1. It can be sprayed but it
      It can be sprayed but it really requires an experienced two man team in the attic and someone in the truck. I might think twice about encapsulating ac wiring other than at the soffits. Being able to seal and then inspect the work at the soffits is an important consideration in a tight space.

    2. @Jeff, clearly the best way
      @Jeff, clearly the best way to find out is to invite an insulation contractor to inspect your attic. But in my experience, what you describe is not uncommon. These guys (and gals) are used to difficult access and have ways to deal with it.

      If you decide to encapsulate, be sure to do your diligence on the contractor you select. Just like any other contracting work, quality control is not something you can take for granted. However, in the case of spray foam, a botched job can lead to repair costs far beyond the cost of the foam. For example, if the foam isn’t mixed or applied correctly and fails to fully cure, it can make your family sick. Also keep in mind that some people are much more sensitive than others to the chemicals involved.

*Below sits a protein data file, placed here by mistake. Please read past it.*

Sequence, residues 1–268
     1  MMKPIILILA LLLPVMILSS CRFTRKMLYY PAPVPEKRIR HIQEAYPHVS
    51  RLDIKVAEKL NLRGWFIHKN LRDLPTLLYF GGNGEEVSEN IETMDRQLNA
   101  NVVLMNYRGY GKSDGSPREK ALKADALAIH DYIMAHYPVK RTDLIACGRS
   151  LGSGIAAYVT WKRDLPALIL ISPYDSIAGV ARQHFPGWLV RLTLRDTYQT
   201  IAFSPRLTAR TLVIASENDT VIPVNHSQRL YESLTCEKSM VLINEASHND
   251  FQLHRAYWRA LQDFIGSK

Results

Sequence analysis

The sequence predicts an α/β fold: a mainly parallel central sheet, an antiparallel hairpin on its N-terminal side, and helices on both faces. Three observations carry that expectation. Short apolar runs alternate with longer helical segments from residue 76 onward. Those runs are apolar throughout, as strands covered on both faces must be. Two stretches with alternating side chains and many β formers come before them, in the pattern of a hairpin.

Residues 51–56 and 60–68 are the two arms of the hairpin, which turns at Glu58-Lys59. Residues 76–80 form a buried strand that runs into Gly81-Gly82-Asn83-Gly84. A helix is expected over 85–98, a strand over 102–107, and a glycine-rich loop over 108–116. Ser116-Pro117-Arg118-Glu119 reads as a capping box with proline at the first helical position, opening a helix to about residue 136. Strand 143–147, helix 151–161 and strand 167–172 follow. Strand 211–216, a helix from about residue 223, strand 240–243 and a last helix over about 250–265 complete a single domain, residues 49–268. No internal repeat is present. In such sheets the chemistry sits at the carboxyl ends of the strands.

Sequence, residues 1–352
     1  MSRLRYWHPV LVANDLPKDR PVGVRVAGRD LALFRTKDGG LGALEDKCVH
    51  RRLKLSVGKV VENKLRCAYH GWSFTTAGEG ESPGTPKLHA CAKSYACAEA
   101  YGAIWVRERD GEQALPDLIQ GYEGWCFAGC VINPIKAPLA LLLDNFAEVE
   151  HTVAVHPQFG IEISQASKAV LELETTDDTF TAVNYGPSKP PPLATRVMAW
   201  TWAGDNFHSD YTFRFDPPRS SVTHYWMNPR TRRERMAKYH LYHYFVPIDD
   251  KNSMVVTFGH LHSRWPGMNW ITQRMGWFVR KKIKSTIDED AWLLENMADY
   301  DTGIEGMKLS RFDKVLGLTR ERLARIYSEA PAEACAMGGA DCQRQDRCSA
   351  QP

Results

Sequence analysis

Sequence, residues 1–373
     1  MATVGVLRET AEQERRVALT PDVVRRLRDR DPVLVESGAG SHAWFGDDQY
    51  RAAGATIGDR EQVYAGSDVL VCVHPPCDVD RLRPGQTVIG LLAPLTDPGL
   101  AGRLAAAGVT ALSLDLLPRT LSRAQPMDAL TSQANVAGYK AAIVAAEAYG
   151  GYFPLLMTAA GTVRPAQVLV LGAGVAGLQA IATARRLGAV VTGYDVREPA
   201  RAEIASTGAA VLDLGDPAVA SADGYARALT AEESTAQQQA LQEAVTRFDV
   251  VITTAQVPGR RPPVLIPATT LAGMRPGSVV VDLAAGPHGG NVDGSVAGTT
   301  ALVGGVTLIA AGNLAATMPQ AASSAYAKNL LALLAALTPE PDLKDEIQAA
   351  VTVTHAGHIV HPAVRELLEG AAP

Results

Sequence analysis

3. You got it, Jeff! You win the
      You got it, Jeff! You win the award for being the first person to spot the reference.

      RJ and David Butler gave good advice about spraying foam in your attic. Don’t just settle on the first contractor who shows up. Verify that they do good work. Call their references. Require blower door testing. If you’re going to pay a lot of money to do it, make sure you get the most qualified contractor you can find.

      1. Thanks Allison and everyone
        Thanks Allison and everyone else too. Solid advice.

  13. A certificate of insurance
    A certificate of insurance would be a good first step in interviewing foam applicators.

  14. I have a new home. Blown